Stockton special needs provision 'concerning'
Two watchdogs have "significant concerns" over a council's care for young people with special needs.
An Ofsted and Care Quality Commission (CQC) inspection found "significant weakness" in Stockton's provision.
Their report said exclusions were too high, waiting times for diagnosis were too long and some parents had to "fight hard" to get needs identified.
Stockton Council and the clinical commissioning group said they were working on an action plan.
In a joint statement, they acknowledged "the issues highlighted in the report" and said they were "fully committed to working together to devise and implement an action plan to improve provision and outcomes for these children".
Not heard or understood
Inspectors found communication and engagement with parents of young people with special educational needs and disabilities (SEND) were "underdeveloped".
Parents did not always feel their views were either heard or understood, the Local Democracy Reporting Service said.
"Parents told inspectors of the need to tell their story several times to different professionals, sometimes within the same organisation," the report said.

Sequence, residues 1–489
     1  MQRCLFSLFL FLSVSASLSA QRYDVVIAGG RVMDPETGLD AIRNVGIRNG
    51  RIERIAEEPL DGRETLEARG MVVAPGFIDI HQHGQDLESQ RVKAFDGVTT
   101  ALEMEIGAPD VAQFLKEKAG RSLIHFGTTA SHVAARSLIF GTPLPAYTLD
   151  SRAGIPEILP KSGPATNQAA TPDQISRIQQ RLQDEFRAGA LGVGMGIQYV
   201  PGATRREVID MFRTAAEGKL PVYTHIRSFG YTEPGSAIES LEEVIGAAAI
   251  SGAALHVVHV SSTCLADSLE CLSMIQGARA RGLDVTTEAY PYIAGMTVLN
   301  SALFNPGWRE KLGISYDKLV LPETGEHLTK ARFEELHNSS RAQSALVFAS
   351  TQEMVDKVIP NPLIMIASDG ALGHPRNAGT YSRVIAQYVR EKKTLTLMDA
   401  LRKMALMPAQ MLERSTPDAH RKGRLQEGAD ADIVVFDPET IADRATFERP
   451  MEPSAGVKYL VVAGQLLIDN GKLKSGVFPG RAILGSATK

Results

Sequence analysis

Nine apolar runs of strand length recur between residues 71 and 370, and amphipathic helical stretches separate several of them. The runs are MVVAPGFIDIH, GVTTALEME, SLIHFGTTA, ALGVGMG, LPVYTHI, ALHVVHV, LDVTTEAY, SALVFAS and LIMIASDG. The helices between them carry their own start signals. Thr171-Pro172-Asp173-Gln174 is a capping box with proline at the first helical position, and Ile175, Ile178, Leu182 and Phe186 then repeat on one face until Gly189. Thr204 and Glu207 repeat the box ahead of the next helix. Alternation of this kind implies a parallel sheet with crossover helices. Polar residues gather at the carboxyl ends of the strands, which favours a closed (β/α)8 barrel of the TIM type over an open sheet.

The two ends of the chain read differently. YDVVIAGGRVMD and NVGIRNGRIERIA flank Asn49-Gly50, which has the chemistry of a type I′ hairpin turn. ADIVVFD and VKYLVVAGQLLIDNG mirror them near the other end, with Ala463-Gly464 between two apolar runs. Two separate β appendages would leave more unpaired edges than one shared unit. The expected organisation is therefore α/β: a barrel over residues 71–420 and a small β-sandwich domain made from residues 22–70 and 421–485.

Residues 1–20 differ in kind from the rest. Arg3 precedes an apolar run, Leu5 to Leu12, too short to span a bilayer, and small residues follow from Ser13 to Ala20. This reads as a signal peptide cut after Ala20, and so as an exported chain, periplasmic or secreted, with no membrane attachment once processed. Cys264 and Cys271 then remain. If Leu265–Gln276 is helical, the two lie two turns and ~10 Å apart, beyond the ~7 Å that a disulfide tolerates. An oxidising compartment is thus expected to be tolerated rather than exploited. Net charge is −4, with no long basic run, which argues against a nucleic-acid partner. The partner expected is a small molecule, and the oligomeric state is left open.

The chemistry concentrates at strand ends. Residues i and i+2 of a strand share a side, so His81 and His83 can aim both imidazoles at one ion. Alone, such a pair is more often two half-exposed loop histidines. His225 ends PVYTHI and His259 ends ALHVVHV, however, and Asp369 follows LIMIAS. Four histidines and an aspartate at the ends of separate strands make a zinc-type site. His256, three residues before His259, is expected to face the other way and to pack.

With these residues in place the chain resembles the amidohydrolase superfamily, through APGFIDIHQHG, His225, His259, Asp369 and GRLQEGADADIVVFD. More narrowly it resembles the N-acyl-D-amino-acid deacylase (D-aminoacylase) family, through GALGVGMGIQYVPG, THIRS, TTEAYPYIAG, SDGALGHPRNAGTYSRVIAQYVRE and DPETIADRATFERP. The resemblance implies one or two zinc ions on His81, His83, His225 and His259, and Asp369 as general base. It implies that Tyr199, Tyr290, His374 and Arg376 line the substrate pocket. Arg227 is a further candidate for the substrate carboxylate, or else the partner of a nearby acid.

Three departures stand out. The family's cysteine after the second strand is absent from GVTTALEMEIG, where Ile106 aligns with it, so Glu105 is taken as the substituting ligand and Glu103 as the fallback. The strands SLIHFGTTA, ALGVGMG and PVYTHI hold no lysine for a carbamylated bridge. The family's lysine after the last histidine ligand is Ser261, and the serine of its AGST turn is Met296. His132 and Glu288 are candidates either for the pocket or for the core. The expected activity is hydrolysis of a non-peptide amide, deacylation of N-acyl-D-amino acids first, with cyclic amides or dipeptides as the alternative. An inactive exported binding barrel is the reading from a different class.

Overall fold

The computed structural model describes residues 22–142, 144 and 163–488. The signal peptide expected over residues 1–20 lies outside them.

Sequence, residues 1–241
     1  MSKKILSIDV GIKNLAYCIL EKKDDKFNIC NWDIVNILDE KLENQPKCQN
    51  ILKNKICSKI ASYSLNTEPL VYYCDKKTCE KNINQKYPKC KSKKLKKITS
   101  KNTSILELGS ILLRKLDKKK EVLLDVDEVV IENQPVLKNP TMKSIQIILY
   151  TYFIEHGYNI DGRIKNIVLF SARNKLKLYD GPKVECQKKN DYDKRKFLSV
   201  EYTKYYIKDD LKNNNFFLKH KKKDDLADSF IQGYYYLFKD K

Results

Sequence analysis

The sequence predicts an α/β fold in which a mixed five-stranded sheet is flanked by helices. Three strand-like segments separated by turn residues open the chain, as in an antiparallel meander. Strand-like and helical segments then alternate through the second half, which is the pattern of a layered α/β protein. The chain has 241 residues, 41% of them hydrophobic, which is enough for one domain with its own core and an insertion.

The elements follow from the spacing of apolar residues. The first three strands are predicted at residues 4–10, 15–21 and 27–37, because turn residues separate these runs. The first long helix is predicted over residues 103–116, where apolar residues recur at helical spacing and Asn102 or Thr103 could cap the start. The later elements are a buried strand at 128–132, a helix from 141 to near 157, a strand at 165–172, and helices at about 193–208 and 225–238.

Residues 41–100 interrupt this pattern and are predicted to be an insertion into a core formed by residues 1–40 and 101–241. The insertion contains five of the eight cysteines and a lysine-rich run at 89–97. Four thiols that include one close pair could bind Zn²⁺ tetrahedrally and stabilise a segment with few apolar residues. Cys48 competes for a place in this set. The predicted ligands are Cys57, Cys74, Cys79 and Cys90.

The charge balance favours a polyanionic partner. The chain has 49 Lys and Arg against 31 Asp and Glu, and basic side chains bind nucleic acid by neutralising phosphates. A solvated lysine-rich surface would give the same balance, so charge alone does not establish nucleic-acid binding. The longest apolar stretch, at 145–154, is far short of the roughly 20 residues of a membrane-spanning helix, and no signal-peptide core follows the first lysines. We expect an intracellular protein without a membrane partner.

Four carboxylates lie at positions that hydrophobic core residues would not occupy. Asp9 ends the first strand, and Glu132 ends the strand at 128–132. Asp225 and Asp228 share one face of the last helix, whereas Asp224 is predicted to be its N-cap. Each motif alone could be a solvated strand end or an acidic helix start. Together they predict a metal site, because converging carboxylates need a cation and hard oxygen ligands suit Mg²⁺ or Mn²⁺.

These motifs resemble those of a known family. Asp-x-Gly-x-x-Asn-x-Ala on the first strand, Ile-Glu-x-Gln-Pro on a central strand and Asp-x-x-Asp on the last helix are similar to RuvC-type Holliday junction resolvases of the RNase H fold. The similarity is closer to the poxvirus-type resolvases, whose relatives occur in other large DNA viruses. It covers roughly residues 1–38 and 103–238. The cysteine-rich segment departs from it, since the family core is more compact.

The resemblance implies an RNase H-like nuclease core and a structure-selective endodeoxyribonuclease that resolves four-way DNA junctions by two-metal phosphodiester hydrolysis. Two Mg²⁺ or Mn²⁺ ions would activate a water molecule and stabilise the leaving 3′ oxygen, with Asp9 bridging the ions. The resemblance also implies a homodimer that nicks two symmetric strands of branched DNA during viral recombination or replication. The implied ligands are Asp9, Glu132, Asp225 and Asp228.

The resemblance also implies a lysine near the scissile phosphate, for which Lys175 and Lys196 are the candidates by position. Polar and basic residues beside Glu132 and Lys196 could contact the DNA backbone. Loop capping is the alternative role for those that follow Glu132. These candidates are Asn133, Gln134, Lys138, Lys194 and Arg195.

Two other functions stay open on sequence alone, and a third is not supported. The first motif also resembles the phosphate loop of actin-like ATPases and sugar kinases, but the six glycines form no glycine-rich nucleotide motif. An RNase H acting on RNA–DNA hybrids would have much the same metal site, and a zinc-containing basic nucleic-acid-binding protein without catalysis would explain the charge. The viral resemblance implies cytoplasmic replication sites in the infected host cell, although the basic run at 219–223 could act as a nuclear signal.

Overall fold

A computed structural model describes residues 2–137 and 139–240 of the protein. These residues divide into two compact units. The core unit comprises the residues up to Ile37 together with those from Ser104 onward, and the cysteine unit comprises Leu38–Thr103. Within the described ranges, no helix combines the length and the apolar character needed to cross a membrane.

Inspectors spoke to parents, young people with SEND, council staff and NHS workers in February.
They praised the mental health "crisis service", improving academic performance and teachers in mainstream schools sharing expertise.
The local authority has previously overspent on its SEND budget saying government funding had not kept pace with rising demand.
It paid £950 and apologised to the family of a child with Asperger's Syndrome last year, after failings in setting up an Education, Health and Care Plan (EHC) for the teenager and a failure to provide suitable alternative education.